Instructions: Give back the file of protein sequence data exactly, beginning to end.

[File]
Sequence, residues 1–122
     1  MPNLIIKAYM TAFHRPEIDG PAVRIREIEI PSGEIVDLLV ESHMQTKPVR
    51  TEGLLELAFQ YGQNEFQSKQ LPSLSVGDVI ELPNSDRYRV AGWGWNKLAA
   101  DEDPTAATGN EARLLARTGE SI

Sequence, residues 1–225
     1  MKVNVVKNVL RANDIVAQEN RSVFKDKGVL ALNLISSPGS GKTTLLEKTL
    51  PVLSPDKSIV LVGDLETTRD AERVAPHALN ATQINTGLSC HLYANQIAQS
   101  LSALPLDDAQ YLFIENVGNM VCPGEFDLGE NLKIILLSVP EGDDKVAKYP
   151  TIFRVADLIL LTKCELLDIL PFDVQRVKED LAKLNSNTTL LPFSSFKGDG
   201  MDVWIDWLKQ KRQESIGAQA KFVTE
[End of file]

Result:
Sequence, residues 1–122
     1  MPNLIIKAYM TAFHRPEIDG PAVRIREIEI PSGEIVDLLV ESHMQTKPVR
    51  TEGLLELAFQ YGQNEFQSKQ LPSLSVGDVI ELPNSDRYRV AGWGWNKLAA
   101  DEDPTAATGN EARLLARTGE SI

Sequence, residues 1–225
     1  MKVNVVKNVL RANDIVAQEN RSVFKDKGVL ALNLISSPGS GKTTLLEKTL
    51  PVLSPDKSIV LVGDLETTRD AERVAPHALN ATQINTGLSC HLYANQIAQS
   101  LSALPLDDAQ YLFIENVGNM VCPGEFDLGE NLKIILLSVP EGDDKVAKYP
   151  TIFRVADLIL LTKCELLDIL PFDVQRVKED LAKLNSNTTL LPFSSFKGDG
   201  MDVWIDWLKQ KRQESIGAQA KFVTE